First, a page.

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Torpedo

A modern torpedo is a self-propelled guided projectile that operates underwater and is designed to detonate on contact or in proximity to a target.

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Etymology

After the electric ray[?], one of the fishes of the family Torpedinidae[?], having a rounded body and a pair of organs capable of producing an electric discharge, which is used to stun or kill prey. Also called crampfish[?] and numbfish[?].

In naval usage, the term "torpedo" was first used to refer to tethered naval mines (when? by the American Civil War). Later (date? by World War I) torpedoes came to mean self propelled projectiles fired from a ship or submarine. Only later (when?) did torpedoes have a guidance system.


Torpedoes are weapons that may be launched from submarines, surface ships, helicopters and fixed-wing aircraft. They are also used as parts of other weapons; the Mark 46 torpedo used by the United States becomes the warhead section of the ASROC (Anti-Submarine ROCket) and the Captor mine[?] uses a submerged sensor platform that releases a torpedo when a hostile contact is detected. The three major torpedoes in the US Navy inventory are the Mark 48 heavyweight torpedo, the Mark 46 lightweight and the Mark 50 advanced lightweight.

Mark 48 Torpedo

The MK-48 is designed to combat fast, deep-diving nuclear submarines and high performance surface ships. It is carried by all Navy submarines. The improved version, MK-48 ADCAP, is carried by attack submarines, the Ohio-class ballistic missile submarines and the Seawolf-class attack submarines. The MK-48 replaced both the MK-37 and MK-14 torpedoes. The MK-48 has been operational in the U.S. Navy since 1972. MK-48 ADCAP became operational in 1988 and was approved for full production in 1989.

MK-48 and MK-48 ADCAP torpedoes can operate with or without wire guidance and use active or passive homing. When launched they execute programmed target search, acquisition and attack procedures. Both can conduct multiple reattacks if they miss the target. The MK-46 torpedo is designed to be launched from surface combatant torpedo tubes, ASROC missiles and fixed and rotary wing aircraft. In 1989, a major upgrade program began to enhance the performance of the MK-46 Mod 5 in shallow water. Weapons incorporating these improvements are identified as Mod 5A and Mod 5A(S).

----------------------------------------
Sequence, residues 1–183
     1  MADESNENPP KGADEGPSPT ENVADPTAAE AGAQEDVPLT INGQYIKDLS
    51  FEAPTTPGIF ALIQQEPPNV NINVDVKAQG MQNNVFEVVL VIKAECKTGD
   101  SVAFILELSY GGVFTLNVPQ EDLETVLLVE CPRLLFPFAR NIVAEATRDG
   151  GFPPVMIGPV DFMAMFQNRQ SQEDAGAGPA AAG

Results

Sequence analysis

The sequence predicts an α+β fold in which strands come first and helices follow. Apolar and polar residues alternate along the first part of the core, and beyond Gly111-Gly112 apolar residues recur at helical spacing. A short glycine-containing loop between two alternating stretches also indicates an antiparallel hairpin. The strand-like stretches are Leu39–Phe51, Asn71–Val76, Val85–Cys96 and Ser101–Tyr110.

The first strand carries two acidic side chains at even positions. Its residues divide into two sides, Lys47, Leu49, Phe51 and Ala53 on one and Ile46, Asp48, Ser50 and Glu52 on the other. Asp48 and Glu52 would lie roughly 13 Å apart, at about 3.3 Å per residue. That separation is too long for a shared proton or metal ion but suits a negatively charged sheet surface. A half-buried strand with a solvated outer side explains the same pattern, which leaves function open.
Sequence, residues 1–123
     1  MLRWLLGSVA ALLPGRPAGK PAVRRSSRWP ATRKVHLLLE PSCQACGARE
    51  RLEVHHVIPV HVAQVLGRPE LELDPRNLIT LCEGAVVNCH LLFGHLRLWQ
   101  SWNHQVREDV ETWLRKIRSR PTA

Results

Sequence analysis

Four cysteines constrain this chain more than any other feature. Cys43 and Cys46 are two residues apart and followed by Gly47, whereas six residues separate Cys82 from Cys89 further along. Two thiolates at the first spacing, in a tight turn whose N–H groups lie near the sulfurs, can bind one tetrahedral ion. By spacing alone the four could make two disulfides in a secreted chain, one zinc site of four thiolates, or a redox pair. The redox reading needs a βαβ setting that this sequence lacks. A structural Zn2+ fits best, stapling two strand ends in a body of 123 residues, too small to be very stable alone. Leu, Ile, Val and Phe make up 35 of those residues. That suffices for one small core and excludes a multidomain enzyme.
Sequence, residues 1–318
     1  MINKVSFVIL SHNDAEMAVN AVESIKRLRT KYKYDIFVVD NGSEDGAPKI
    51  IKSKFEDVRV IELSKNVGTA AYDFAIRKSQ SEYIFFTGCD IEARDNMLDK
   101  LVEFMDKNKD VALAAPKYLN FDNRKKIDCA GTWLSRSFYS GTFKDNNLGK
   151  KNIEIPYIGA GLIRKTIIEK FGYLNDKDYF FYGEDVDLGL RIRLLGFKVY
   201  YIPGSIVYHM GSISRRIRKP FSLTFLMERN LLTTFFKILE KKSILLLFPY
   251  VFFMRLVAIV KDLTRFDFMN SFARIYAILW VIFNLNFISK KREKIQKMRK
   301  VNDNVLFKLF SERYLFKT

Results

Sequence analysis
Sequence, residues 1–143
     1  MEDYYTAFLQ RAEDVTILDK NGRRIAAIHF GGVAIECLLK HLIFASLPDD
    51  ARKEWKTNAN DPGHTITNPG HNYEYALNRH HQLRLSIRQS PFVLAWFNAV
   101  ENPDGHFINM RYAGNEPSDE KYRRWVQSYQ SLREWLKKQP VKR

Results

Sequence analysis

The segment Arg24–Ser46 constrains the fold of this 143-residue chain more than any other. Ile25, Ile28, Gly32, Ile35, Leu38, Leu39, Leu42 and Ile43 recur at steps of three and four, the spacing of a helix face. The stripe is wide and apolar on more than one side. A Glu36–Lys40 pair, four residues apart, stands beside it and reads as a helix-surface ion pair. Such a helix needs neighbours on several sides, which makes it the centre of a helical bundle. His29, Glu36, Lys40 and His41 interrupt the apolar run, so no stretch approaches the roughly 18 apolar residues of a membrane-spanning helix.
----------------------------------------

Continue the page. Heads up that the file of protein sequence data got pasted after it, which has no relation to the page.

General Characteristics, MK-48, MK-48 (ADCAP)

  • Primary Function: Heavyweight torpedo for submarines
  • Contractor: Gould
  • Power Plant: Piston engine; pump jet
  • Length: 19 feet (5.79 meters)
  • Weight: 3,434 lbs (1545.3 kg) (MK-48); 3,695 lbs (1662.75 kg) (MK-48 ADCAP)
  • Diameter: 21 inches (53.34 centimeters)
  • Range: Greater than 5 miles (8 km)
  • Depth: Greater than 1,200 ft (365.76 meters)
  • Speed: Greater than 28 knots (32.2 mph, 51.52 kph)
  • Guidance System: Wire guided and passive/active acoustic homing
  • Warhead: 650 lbs (292.5 kg) high explosive
  • Date Deployed: 1972

Mark 46 Torpedo

The MK-46 torpedo is designed to attack high performance submarines, and is presently identified as the NATO standard. The MK-46 Mod 5 torpedo is the backbone of the Navy's lightweight ASW torpedo inventory and is expected to remain in service until the year 2015.

General Characteristics, MK-46 MOD 5

  • Primary Function: Air and ship-launched lightweight torpedo
  • Contractor: Alliant Techsystems
  • Power Plant: Two-speed, reciprocating external combustion; Mono-propellant (Otto fuel II) fueled
  • Length: 102.36 in. tube launch configuration (from ship)
  • Weight: 517.65 lbs (warshot configuration)
  • Diameter: 12.75 inches
  • Range: 8,000 yards
  • Depth: Greater than 1,200 ft (365.76 meters)
  • Speed: Greater than 28 knots (32.2 mph, 51.52 kph)
  • Guidance System: Homing mode: Active or passive/active acoustic homing
  • Launch/search mode: Snake or circle search
  • Warhead: 98 lbs. of PBXN-103 high explosive (bulk charge)
  • Date Deployed: 1966 (Mod 0); 1979 (Mod 5)

Mark 50 Torpedo

The MK-50 is an advanced lightweight torpedo for use against the faster, deeper-diving and more sophisticated submarines. The MK-50 can be launched from all ASW aircraft, and from torpedo tubes aboard surface combatant ships. The MK-50 will eventually replace the MK-46 as the fleet's lightweight torpedo.

General Characteristics, MK-50

  • Primary Function: Air and ship-launched lightweight torpedo
  • Contractor: Alliant Techsystems, Westinghouse
  • Power Plant: Stored Chemical Energy Propulsion System
  • Length: 112 inches
  • Weight: 750 pounds
  • Diameter: 12.75 inches
  • Speed: 40+ knots
  • Guidance System: Active/passive acoustic homing
  • Warhead: Approximately 100 pounds high explosive (shaped charge)

cut'n'pasted from http://www.chinfo.navy.mil/navpalib/factfile/weapons/wep-torp

Note: a slightly more recent writeup on the Mk 48 is available at http://www.welshcoast.net/clwyd/ssbn624/torpedo.htm



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